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Sunday, 12 October 2014

When Joe Hockey talks, Coalition colleagues wince

When Joe Hockey talks, Coalition colleagues wince

When Joe Hockey talks, Coalition colleagues wince








Australian Federal Treasurer Joe Hockey. Picture: Stuart Ramson
Australian Federal Treasurer Joe Hockey. Picture: Stuart Ramson



HICCUP Hockey strikes again! Just when colleagues were starting to
think the Treasurer might be getting his act together he produces
another gaffe.




Joe Hockey’s attempt to use national security to pressure Labor over his stalled Budget Bills was an appalling misjudgement.

The
Government has been at pains to secure a bipartisan approach to
military action against IS abroad and the threat of terrorism at home.
Opposition Leader Bill Shorten has provided the solid support Tony
Abbott wants.


Then along comes Hockey, foot in mouth at a news conference in Washington, and puts that at risk.

“If
Bill Shorten truly is honest about his commitment to deliver bipartisan
support in relation to our defence efforts in the Middle East, he’ll
provide bipartisan support to pay for it,” he said.


The alacrity
with which the Prime Minister hit the airwaves to declare Shorten “an
Australian patriot” showed how seriously he viewed Hockey’s lapse.





Shorten’s response was to express disappointment that the Treasurer
had “made the Iraq intervention a source of political point-scoring”.


To quote Abbott’s close friend, Greg Sheridan, foreign editor of The Australian:
“The most sure-fire way for a government to make a mess of the politics
and, incidentally, the national security issues themselves, is to look
as if it is milking national security for party-political advantage.”


Abbott
knows his task would be harder, and a lot more perilous politically,
without Shorten on side. He also understands that bipartisan support is
important for the morale of the Air Force personnel and SAS troops he is
sending into harm’s way.


Friends say Abbott recalls vividly what
happened when Australian forces were committed to the 2003 Iraq invasion
without such bipartisanship. Departing troops were jointly farewelled
by then prime minister John Howard and Opposition leader Simon Crean.
But the message from Crean was that, while Labor supported them, it did
not support their mission.


Hockey, a very experienced politician
and would-be leader, should know all that. Small wonder that even some
Liberals once close to him are starting to talk about Abbott’s “Hockey
problem”.


Since IS atrocities and the domestic terrorism threat
began to dominate the news, the Treasurer has been less on display than
he was in the three months following the Budget.


There was an
incident a couple of weeks ago when deputy Liberal leader and Foreign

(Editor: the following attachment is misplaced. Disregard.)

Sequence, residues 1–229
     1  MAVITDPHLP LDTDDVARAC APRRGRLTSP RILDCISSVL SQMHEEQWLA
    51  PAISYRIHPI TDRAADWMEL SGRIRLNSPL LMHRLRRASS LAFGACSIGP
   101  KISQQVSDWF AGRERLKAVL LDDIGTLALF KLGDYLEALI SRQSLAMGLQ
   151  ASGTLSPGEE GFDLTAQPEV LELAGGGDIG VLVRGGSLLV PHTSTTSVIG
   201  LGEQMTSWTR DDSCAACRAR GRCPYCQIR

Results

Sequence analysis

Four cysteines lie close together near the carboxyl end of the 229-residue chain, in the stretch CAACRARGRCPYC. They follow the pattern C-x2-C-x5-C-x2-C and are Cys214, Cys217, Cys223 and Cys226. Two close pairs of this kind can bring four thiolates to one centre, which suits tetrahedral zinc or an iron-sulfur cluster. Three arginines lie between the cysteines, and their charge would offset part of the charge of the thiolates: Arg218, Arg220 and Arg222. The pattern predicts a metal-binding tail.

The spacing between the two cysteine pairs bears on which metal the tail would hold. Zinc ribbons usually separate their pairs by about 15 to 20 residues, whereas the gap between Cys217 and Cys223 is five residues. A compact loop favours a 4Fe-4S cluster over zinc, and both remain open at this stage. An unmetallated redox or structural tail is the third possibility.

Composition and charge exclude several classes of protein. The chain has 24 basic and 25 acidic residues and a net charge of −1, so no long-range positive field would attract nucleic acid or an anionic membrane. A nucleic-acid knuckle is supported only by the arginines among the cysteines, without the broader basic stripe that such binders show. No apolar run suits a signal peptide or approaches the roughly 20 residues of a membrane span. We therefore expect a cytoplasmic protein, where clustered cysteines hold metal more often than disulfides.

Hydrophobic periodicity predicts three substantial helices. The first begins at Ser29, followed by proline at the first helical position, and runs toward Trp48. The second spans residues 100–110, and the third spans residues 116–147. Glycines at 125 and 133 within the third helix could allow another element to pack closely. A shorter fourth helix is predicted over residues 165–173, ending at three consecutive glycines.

Affairs Minister Julie Bishop had to slap him down publicly over
suggestions that he was considering a further freeze on foreign aid.


But
for the most part, Hockey thought bubbles have been absent from the
headlines. That gave Coalition MPs reason to hope that the Treasurer had
regained some self-discipline and was quietly working to rebuild
credibility.


After all, Hockey has plenty of incentive to try to
lift his game. As a politician with a burning ambition to become prime
minister — just read his biography if you doubt that — he must be
dismayed by the way his standing and reputation have crumbled.


It
is generally agreed that the Treasurer has gone from heir apparent to
liability. Liberal MPs, watching him now, must thank their lucky stars
that the plan to make him leader in 2009 came unstuck.


An added
reason for relief should be the recollection that Hockey’s election to
the leadership would have seen Julie Bishop dumped as deputy Liberal
leader.


In contrast to Hockey, Bishop has emerged as one of the
strongest performers in the Abbott Cabinet. The deputy on Hockey’s
ticket was Peter Dutton.


There is plenty of discussion within the
Government about Hockey’s prolonged period of poor form. Explanations
range from sloppiness in his approach to poor political advice from
staff.


“People know he’s capable of doing a lot better,” says a
Coalition adviser. But a former minister claims: “He was never regarded
as part of the A team under Howard.”


THERE is no disagreement,
however, about the serious implications for any government if a
treasurer is underperforming. According to a senior figure in the
Liberal organisation: “Tony needs to address this. The Treasurer is the
second-most important person in the Government. It can’t go on.”


He
is not suggesting Hockey be moved from the portfolio. Rather, he says,
the Prime Minister “should perhaps involve himself more with Joe” so
that he can “keep an eye on things”.


Whether a busy PM has time to nursemaid a Treasurer, however, is doubtful.

Another
proposal doing the rounds is to lighten the Treasurer’s workload by
hiving off some of his less important areas of responsibility and giving
them to another minister.


Ultimately, though, the only person who
can fix the situation is Hockey himself. The obvious starting point is
for him to think more carefully about what he says before he says it.


Laurie Oakes is the Nine Network political editor



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